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Stay up to date with the Bumblebee Conservation Trust’s latest news and happenings right here.

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Rare bumblebee reaps the benefits of Scything.

Earlier this year the Bumblebee Conservation Trust was awarded £116,880 by the Heritage Lottery Fund to work with communities in Caithness to help protect the very rare, Great yellow bumblebee.

The distribution of Great yellow bumblebee has declined by 80% in the last century making it one of the UK’s rarest bumblebees, with the last mainland populations of this rare and enigmatic bumblebee found in Caithness and Sutherland.

Since April, the Bumblebee Conservation Trust has been engaging with local communities to raise awareness about the unique natural heritage of the area and working with a number of community groups to manage areas of wildflower meadows. Wildflower meadows offer bumblebees and other pollinators a great source of food but need to be carefully managed. Katy Malone, conservation officer for the Bumblebee Conservation Trust said, “Although larger scale meadows need to be managed with powered machinery, smaller meadows are often not accessible by large tractors, this led me to wonder if scything might be an option instead”.

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Bringing England’s wildlife ‘back from the brink’ of extinction

Bumblebee Conservation Trust joins forces to help protect our threatened wildlife. 

More than 100 species of England’s most threatened wildlife could be saved from extinction thanks to a new £4.6 million grant from the Heritage Lottery Fund (HLF).

HLF has approved the development stage and provided initial funding for ‘Back from the Brink’, a partnership project that brings together a range of conservation organisations to focus on protecting key threatened species – such as the Shrill carder bumblebee,  grey long-eared bat, pasque flower, sand lizard, and Duke of Burgundy butterfly – froextinction.

The programme is being run by Natural England and the Partnership for Species Conservation – a coalition of seven of the UK’s leading wildlife charities (Amphibian and Reptile Conservation, Bat Conservation Trust, Buglife, Bumblebee Conservation Trust, Butterfly Conservation, Plantlife, and the Royal Society for the Protection of Birds). By working together at sites across the country, ‘Back from the Brink’ will save 20 species from extinction and help another 118 species that are under threat move to a more certain future.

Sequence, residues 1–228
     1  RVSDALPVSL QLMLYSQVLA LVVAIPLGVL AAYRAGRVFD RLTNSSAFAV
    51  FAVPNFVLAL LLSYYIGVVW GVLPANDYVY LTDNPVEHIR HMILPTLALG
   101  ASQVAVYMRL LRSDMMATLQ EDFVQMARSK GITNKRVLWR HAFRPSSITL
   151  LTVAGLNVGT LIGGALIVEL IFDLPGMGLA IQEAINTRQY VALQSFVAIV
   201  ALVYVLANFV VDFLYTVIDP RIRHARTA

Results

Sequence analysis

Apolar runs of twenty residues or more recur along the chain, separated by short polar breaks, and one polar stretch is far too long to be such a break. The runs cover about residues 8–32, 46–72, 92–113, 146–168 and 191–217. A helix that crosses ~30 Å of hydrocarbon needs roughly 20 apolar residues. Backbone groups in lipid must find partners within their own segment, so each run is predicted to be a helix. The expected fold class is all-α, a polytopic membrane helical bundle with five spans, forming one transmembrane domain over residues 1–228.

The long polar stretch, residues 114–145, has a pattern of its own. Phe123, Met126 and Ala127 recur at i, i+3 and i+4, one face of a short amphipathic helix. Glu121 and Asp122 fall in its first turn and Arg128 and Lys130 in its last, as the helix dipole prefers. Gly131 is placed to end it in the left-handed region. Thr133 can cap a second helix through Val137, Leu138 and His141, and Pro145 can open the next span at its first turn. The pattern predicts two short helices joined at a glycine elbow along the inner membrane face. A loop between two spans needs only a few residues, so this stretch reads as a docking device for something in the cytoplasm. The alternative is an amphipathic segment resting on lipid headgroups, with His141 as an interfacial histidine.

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Managed Bees Spread and Intensify Diseases in Wild Bees


UC Riverside-led research shows wild bees are harmed even when managed bees are disease-free.

RIVERSIDE, Calif. – For various reasons, wild pollinators are in decline across many parts of the world. To combat this, managed honey bees and bumblebees are frequently shipped in to provide valuable pollination services to crops. But does this practice pose any risk to the wild bees?

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Threat posed by ‘pollen thief’ bees uncovered

A new University of Stirling study has uncovered the secrets of ‘pollen thief’ bees - which take pollen from flowers but fail to act as effective pollinators - and the threat they pose to certain plant species.

Flowers often need pollinators, such as bees, to collect and transport pollen to fertilise other flowers and trigger fruit and seed production. In order to attract pollinators, flowers offer resources such as nectar, oils, and pollen in return.

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Ireland is buzzing as 68 organisations enlist to save our Bees

September 17th 2015 sees the launch of the All-Ireland Pollinator Plan, which identifies actions to help protect pollinators and the livelihoods of farmers who rely on their invaluable pollination service.

Waterford/Dublin, Thursday September 17th, 2015 – Sixty-eight governmental and nongovernmental organisations have agreed a shared plan of action to tackle pollinator decline and make Ireland a place where pollinators can survive and thrive.

The All-Ireland Pollinator Plan 2015-2020, published today, makes Ireland one of the first countries in Europe with a strategy to address pollinator decline and protect pollination services. The initiative has generated huge support and has culminated in agreement to deliver 81 actions to make Ireland more pollinator friendly.

The Plan identifies actions that can be taken on farmland, public land and private land. These include creating pollinator highways along our transport routes, making our public parks pollinator friendly and encouraging the public to see their gardens as potential pit-stops for our busy bees.

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